Tamil Nadu was all set to make it to the final when it slipped badly with bad first passes and shaky defence. It was up by two sets to one. But libero Swaminathan's one bad patch in first pass led to the downfall of Tamil Nadu, which still fought and had four match points. But Srikanth spiked brilliantly to neutralise that and the Railways got one match point and it won.

However, the final did not rise up to that level. Tom Joseph spiked brilliantly in the first set to lift Kerala's game. With the crowd roaring it looked as if the home team would have a cakewalk against the Railways, which did not have its main setter Ravikanth Reddy and spiker Rajesh Tiwari from the beginning. Still it managed with setter Kapil Dev, who fought tenaciously, and Srikanth. Kerala was unlucky to lose the National championship to Uttaranchal a month ago. So this was its chance. But barring Sunil Kumar others failed to chip in and Kishore was a let down as main blocker and short ball attacker. Kerala's defence collapsed and the Railways rallied brilliantly to make it a grand double as its women's team also won the title, beating the host Kerala in the final. It was a creditable double for the Railways after 1988 at Udaipur . From 1990 the Cup became a competition for clubs. Now, the State teams have been reintroduced.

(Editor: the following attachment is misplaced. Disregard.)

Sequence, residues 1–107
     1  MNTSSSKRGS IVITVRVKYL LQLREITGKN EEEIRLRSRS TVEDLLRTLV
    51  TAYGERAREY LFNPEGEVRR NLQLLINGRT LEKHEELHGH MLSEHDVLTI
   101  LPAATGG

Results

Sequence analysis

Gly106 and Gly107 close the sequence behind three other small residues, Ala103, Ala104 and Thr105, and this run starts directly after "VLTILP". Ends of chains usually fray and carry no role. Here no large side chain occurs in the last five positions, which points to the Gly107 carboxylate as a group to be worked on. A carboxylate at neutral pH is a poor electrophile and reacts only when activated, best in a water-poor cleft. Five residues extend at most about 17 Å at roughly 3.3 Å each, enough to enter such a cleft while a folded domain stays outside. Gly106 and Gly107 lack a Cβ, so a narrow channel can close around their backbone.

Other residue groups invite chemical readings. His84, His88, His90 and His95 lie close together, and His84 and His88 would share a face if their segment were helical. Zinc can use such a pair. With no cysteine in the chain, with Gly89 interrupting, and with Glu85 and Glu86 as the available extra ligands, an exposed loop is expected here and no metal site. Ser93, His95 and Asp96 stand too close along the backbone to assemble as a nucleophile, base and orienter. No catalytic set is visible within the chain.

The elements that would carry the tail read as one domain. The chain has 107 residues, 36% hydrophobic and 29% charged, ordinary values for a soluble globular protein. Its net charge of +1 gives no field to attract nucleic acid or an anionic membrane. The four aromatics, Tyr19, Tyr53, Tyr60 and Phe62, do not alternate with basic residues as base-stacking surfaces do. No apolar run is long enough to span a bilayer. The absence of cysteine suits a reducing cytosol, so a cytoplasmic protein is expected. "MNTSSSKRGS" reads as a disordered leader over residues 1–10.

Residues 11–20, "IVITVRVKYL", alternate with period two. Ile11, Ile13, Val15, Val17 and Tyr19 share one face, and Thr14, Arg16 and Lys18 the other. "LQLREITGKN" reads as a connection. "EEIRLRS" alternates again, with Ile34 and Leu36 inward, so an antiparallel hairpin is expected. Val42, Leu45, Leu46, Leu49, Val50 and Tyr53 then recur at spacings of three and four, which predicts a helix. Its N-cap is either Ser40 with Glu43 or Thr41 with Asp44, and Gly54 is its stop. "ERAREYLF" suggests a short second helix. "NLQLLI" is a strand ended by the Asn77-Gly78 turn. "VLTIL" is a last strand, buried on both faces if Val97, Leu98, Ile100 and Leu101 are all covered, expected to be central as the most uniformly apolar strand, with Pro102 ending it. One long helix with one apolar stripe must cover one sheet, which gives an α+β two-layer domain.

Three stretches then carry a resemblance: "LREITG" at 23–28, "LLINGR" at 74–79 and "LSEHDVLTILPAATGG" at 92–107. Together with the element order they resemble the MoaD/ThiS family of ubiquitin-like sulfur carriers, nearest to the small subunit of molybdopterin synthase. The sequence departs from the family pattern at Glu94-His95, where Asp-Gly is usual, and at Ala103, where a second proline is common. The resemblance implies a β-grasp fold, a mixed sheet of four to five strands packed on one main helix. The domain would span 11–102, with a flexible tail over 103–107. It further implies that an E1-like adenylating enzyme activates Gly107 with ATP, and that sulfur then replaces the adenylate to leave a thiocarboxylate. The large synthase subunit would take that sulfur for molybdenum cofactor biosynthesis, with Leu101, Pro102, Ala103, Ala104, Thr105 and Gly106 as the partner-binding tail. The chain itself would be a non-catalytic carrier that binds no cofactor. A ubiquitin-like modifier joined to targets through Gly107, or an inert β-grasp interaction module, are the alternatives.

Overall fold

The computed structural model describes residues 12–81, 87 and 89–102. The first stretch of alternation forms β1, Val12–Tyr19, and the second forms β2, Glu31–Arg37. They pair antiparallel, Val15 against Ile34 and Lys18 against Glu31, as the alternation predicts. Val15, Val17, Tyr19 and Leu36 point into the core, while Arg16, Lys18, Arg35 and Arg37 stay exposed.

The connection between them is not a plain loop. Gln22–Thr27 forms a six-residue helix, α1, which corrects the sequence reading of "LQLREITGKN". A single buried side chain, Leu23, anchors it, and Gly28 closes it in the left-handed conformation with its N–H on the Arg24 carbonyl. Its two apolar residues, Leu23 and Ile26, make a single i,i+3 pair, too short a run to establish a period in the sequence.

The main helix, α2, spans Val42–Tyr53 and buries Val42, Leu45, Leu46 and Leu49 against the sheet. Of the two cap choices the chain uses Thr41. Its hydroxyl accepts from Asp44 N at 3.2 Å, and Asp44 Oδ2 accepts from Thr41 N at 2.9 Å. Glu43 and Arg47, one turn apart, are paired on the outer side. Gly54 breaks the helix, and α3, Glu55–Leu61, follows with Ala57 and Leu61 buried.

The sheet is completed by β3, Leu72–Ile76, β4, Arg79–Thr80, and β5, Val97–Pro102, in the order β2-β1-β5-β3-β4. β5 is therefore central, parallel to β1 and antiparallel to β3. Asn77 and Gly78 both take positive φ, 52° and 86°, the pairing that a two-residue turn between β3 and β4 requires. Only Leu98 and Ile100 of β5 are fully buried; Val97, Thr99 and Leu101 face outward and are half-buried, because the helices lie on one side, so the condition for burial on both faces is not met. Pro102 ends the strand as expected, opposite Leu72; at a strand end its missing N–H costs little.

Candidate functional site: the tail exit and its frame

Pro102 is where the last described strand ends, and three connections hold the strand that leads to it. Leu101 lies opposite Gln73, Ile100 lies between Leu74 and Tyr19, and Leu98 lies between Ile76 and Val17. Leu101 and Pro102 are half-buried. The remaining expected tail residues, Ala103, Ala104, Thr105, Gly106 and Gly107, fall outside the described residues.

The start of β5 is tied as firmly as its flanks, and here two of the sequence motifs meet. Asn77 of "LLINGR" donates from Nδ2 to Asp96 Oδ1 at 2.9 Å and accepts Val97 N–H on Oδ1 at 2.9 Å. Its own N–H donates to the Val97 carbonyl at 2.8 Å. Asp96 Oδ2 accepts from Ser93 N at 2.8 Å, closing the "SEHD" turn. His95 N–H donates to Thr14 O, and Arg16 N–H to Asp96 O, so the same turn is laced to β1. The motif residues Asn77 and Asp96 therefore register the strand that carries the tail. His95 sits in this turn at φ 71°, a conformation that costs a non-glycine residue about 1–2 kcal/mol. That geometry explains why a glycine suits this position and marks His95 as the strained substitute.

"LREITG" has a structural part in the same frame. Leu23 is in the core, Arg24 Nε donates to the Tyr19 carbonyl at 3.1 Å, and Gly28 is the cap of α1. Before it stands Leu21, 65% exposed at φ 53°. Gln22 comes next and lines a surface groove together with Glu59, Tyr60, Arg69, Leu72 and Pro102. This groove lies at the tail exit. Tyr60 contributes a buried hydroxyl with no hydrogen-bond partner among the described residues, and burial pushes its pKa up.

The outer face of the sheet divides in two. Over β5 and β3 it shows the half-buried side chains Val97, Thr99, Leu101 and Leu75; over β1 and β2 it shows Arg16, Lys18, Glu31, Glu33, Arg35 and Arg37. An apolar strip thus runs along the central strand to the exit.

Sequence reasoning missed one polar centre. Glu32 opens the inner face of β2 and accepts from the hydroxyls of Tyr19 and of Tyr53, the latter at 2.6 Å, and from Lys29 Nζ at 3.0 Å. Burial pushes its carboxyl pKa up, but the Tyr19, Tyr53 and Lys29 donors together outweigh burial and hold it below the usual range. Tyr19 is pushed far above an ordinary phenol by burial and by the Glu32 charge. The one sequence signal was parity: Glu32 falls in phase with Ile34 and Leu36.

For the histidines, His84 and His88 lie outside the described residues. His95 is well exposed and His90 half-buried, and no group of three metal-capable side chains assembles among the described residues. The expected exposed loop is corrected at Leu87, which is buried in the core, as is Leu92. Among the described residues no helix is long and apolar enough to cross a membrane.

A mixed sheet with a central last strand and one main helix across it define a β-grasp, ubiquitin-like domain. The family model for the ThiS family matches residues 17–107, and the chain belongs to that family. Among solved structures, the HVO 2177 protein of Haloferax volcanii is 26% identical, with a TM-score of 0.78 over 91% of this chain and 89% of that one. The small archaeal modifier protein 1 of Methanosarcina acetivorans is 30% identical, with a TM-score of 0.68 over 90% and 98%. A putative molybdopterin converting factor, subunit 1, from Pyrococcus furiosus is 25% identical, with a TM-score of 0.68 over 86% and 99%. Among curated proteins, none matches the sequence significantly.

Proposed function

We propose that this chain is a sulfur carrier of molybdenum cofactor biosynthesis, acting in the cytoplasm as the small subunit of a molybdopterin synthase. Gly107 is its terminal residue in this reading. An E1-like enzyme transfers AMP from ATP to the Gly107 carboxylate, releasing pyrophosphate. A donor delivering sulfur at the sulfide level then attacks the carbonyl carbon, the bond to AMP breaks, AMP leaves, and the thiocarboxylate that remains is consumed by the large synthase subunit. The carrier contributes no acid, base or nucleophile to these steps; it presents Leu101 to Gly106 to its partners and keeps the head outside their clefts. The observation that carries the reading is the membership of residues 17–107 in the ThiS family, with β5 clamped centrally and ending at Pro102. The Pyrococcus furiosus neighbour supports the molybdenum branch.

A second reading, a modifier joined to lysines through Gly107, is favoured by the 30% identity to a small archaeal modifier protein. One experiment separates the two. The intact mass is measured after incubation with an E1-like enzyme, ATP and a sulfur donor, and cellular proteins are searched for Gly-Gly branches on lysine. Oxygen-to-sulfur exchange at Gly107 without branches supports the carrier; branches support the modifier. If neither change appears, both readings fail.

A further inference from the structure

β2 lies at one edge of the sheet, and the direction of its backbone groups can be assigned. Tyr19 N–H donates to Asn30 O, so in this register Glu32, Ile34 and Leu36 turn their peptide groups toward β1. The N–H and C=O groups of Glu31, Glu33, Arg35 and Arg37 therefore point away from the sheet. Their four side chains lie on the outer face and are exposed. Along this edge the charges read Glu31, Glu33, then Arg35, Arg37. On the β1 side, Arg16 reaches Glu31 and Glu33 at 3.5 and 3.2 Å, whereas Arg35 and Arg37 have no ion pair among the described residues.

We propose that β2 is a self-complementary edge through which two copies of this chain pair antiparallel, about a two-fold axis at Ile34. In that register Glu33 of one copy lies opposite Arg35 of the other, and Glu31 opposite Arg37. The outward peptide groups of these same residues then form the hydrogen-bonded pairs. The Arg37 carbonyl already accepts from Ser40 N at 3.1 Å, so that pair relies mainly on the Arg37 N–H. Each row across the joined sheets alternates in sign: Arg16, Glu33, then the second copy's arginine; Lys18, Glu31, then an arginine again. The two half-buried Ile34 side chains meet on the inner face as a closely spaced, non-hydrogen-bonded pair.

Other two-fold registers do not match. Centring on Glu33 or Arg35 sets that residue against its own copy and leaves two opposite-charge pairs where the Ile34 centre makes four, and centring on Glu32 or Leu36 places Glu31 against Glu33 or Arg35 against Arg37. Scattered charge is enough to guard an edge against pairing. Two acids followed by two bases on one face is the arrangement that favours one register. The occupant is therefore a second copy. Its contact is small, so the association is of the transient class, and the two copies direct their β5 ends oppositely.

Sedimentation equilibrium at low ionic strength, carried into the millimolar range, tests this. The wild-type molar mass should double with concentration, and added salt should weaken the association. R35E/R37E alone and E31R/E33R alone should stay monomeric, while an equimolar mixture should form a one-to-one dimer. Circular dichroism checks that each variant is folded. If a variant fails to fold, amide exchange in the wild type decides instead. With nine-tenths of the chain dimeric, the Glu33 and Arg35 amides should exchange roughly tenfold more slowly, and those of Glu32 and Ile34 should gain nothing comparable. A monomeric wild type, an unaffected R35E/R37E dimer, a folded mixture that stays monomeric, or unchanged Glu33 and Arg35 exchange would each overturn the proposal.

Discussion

It was Railways all the way in the women's section. With Geeta Raju, Vini Thomas, Radhika, Shiji Kurian and Gayathri spiking well, the Railways was streets ahead of others. Its archrival Kerala, however, struggled against Karnataka in Group `B', but managed to win the five setter.

Sheeba, Preethy Kartha, who was erratic at times, Gisha Thomas and Salitha Prasad formed a strong combination in attack. But Kerala looked subdued against the Railways in the final. In only one set it finished better and took it. Otherwise the institution team was in full control. Railways and Bengal from Group `A' and Kerala and Karnataka from Group `B' qualified for the semi-finals, which were , however, tame encounters.

The results:

Men: Final: Railways beat Kerala 17-25, 25-17, 25-23, 25-17; For third place: Services beat Tamil Nadu 25-22, 25-22, 11-25, 25-23; Semi-finals: Kerala beat Services 18-25, 25-21, 20-25, 28-26, 18-16, Railways beat Tamil Nadu 25-20, 13-25, 21-25, 25-22, 19-17.

Women: Final: Railways beat Kerala 25-18, 22-25, 25-15, 25-18; For third place: Karnataka beat Bengal 25-14, 25-22, 25-21; Semi-finals: Railways beat Karnataka 25-20, 25-19, 25-14, Kerala beat Bengal 25-22, 25-16, 23-25, 25-16.